The Extent of the Problem
The incarcerated elderly (defined as persons over 50 or 55 years of age) is the fastest growing segment of the incarcerated US population. The Bureau of Prisons’ statistics from May 2022 indicate that 19.3% of the population is 51 years or older. This growth is expected to continue for many reasons, including longer sentencing, tougher drug and immigration laws, get-tough-on-crime reforms like mandatory minimum sentencing, and the general aging of the US population as a whole.
An Incarcerated Person is Older than You Think
Due to a tendency toward poor dietary and exercise habits, and high levels of substance use pre-incarceration, the incarcerated population has a physiologic age, on average, that is ten to fifteen years older than their chronological age. This is exacerbated by previous general lack of access to healthcare services and a poor socio-economic background. Thus, geriatric care models must be integrated into correctional healthcare, including consideration of screenings to be conducted earlier than they would be in the general population.
Most Common Chronic Conditions Affecting the Older Incarcerated Person
Older incarcerated persons have high incidences of chronic illness that must be managed within the correctional environment. The following chronic conditions are noted to be the most prevalent for older incarcerated patients by articles in the National Library of Medicine and WHO :
- Chronic Obstructive Pulmonary Disease
- Heart Disease
Correctional Nursing and the Elderly Patient
It is important to consider the geriatric syndromes that may affect our elderly patients in corrections – falls, incontinence, sensory impairment, dementia, polypharmacy, and end of life care. Correctional nurses, as their patients’ advocate, must ensure that elderly patients are housed in a unit that addresses these risks to patient safety. They must consider these conditions when conducting patient encounters with an elderly patient. For example, when your elderly patient comes to Nurse Sick Call for a complaint of a painful elbow that he says he hit on the bunk and you see a bruise on his arm, are you asking if the patient fell? Are you looking to see if there are other bruises on his body, perhaps indicating that the patient has fallen multiple times, but did not disclose it because he does not want to be moved from his dorm into special housing? Bruises could also indicate that the patient is being abused by other persons in the dorm. In any case, these findings indicate the need for closer monitoring of the patient and collaboration with our custody colleagues.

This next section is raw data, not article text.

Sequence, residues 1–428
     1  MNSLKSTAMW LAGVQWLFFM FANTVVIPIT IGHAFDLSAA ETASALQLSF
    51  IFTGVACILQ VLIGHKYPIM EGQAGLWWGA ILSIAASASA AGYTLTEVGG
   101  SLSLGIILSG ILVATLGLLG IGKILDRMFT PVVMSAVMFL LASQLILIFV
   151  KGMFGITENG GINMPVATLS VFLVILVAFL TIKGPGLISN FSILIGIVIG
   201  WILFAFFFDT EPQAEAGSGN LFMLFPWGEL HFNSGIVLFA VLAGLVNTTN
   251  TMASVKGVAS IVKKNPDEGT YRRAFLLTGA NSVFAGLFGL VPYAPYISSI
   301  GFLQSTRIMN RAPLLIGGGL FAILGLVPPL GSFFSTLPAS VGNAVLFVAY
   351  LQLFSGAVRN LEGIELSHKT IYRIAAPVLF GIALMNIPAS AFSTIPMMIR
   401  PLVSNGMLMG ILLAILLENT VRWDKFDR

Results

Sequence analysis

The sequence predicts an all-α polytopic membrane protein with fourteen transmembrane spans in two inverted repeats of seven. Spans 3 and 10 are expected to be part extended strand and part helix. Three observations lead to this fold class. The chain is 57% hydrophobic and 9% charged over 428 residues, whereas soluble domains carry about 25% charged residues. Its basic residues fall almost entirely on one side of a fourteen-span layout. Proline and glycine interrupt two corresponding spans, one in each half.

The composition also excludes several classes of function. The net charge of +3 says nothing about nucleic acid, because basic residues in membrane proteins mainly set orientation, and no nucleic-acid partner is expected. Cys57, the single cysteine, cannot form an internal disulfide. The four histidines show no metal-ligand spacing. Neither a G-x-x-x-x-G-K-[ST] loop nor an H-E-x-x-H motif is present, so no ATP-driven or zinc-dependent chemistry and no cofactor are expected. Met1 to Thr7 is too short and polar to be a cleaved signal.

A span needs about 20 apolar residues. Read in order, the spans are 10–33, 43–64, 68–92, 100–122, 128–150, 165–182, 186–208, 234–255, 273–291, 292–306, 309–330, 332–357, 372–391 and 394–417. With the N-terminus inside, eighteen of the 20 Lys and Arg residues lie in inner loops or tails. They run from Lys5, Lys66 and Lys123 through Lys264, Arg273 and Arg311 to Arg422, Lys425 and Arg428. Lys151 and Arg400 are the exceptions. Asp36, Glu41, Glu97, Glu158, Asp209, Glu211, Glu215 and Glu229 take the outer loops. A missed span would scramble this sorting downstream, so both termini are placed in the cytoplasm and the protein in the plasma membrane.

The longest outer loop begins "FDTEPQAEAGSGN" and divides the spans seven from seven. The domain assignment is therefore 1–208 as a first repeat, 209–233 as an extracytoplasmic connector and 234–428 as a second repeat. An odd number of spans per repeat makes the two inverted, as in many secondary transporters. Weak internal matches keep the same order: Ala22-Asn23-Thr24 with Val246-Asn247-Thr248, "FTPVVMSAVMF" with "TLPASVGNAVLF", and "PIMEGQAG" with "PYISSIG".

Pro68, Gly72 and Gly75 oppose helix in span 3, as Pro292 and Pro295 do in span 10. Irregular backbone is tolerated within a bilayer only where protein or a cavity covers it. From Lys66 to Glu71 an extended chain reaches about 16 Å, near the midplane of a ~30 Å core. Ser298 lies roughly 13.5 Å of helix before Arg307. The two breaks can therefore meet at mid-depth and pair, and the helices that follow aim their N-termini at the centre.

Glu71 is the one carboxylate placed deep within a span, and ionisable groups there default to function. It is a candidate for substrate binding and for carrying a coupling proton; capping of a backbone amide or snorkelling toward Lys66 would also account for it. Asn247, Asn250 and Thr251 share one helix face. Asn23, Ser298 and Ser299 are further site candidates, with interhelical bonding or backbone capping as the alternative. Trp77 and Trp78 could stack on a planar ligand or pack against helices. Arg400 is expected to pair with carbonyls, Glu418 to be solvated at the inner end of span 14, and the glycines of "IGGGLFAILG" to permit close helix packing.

Patient education is vital, and yet, if your patient is showing signs of dementia, are they capable of understanding what you are teaching? If they are, then be sure to document that you assessed for this important function and it was intact. If not, what is included in your nursing plan to address this knowledge, and perhaps self-care, deficit?
The elderly incarcerated population is a growing segment of our patients, and correctional nurses must be ready to care for them appropriately.